Juneteenth proves that reform is always slow and often complicated

Juneteenth proves that reform is always slow and often complicated

On June 19, 1865, Union General Gordon Granger stepped onto the balcony of the Ashton Villa in Galveston, Texas, and read aloud from General Order No. 3: “The people of Texas are informed that, in accordance with a proclamation from the Executive of the United States, all slaves are free.” This declaration, as the tale goes, forever ended slavery in the United States more than two years after the Emancipation Proclamation. Texans began celebrating June 19 as a holiday as soon as the following year calling it Freedom Day, Jubilee Day, or the simple portmanteau of the date that most people still use today: Juneteenth.

Though it’s been popular to celebrate in Texas since its inception, the last few years have seen the holiday’s popularity rapidly increasing nationwide. Fueled by the Black Lives Matter movement, social media, and even television — most notably by Donald Glover’s Atlanta and Kenya Barris’ Blackish each dedicating an episode to it — Juneteenth is now so widely recognized that it seems poised to take on a new role within the American zeitgeist, one in which we see fit to celebrate the end of slavery together as a nation.

Said actor, model, and activist Indya Moore, “This is an important day and an essential celebration,” continuing, “Juneteenth should have been a national holiday.”

2020 seems a singularly auspicious year for Juneteenth. For a nation still gripped by the murders of George Floyd and Breonna Taylor, a holiday representing Black freedom seems particularly enticing. And despite all of the still unmet demands — like the arrest of Breonna Taylors’ murderers — we do have two major changes to federal policy that, on the surface, seem so worthy of celebration: the landmark supreme court decision that protects LGBTQIA+ citizens from discrimination and President Trump’s executive order covering police reform.

Though Juneteenth could offer all of us a respite from this taxing revolution, it also serves as a reminder of how changes in American federal policy don’t always translate into tangible changes in our communities that we so desperately need. Just as Juneteenth has a much more sinister history than many know, federal policy frequently does far less for the American people than we would hope.

General Order No. 3 was not even required to make slavery illegal in the state of Texas. By the time General Granger rode into Galveston with 2,000 federal troops, slavery had already been illegal there for nearly two and a half years. This was due to the January 1863 enaction of what is commonly called the Emancipation Proclamation, an executive order of the Lincoln administration that abolished slavery in confederate states.

This means that the only reason that General Order No. 3 was even necessary is that white slaveholders simply chose to ignore federal law rather than release the 250,000 people bound by chattel slavery in the state of Texas.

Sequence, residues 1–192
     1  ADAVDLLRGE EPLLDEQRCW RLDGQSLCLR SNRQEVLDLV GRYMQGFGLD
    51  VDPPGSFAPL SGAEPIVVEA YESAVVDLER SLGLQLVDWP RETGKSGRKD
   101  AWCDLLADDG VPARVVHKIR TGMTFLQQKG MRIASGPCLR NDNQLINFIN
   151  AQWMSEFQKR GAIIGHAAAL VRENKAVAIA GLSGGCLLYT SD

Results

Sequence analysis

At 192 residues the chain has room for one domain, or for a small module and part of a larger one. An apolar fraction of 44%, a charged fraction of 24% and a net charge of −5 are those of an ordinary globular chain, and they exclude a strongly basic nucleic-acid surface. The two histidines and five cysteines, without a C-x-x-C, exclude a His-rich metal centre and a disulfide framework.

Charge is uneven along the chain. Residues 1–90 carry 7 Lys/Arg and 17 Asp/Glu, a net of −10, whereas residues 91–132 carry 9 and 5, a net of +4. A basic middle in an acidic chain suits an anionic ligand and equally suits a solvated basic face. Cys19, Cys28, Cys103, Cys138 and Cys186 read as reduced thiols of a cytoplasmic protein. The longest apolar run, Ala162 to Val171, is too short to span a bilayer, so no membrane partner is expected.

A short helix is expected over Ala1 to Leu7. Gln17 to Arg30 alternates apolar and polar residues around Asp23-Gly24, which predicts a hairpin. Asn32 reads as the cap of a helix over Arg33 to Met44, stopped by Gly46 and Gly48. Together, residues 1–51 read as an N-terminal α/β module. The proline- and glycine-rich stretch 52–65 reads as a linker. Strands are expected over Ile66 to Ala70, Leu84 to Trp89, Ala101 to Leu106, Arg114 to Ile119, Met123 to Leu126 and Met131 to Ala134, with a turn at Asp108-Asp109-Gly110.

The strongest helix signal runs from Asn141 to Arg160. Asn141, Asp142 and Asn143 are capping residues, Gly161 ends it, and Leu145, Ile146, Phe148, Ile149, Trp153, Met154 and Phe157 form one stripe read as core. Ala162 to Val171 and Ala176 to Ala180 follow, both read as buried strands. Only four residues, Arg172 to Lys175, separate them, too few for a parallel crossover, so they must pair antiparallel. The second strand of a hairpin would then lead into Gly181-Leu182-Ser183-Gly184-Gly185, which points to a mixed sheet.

In addition, there were several Union-controlled slave states like Maryland, Delaware, Kentucky, and Missouri that went completely unaffected by emancipation up until the 13th amendment was ratified. That means that slavery was still perfectly legal in territory clearly governed by the United States until December 1865.

Last Tuesday, President Trump signed an executive order enacting limited reform to policing in the States. But under similar scrutiny as we might dissect the history of the abolition of slavery, this order begins to feel purposefully lacking. Rather than require literally anything to change that would apply to police nationwide, it merely incentivizes individual police forces to make policy changes at their will. Even the proposed national registry to track police misconduct proposed within the order comes with no penalty for non-compliance. This means that, much like the slave owners in Texas who simply chose to ignore the Emancipation Proclamation, police departments can simply not report any behavior they so chose with impunity.

While the move towards police reform does show a welcome awareness on the part of the federal government, this order leaves little doubt that the American people will see little tangible change until the current systems of policing are dismantled and replaced with new measures to ensure public safety. Policing as we know it today was created to ensure that Black Americans would continue to be controlled despite the end of slavery, and this system that is racist by design cannot be reformed by simply asking them to behave appropriately. If that was possible, we wouldn’t still be demanding change.

And while this supreme court decision will certainly offer some legal protections to LGBTQIA+ Americans, its reach only eclipses the workplace and even excludes companies with fewer than 15 employees. Though we can count it as an incredible victory, there remain huge gaps in basic civil rights protections. We can see this particularly surrounding issues of discrimination within housing and healthcare where LGBTQIA+ Americans are still not guaranteed the same protections as other citizens.

As much as Juneteenth can remain a celebration of Black freedom, maybe 2020 is the year that it also becomes a reminder of how vigilant we must remain in order to seize that to which we are entitled. Neither of these two brand new pieces of American federal policy offers sweeping protections to the communities they are intended to placate, and if we take another look at them through the same lens with which we can analyze the history of Juneteenth, we can see how much we still have to change. But thankfully we are also given the opportunity to see the direction we must go from here come into a much sharper focus.



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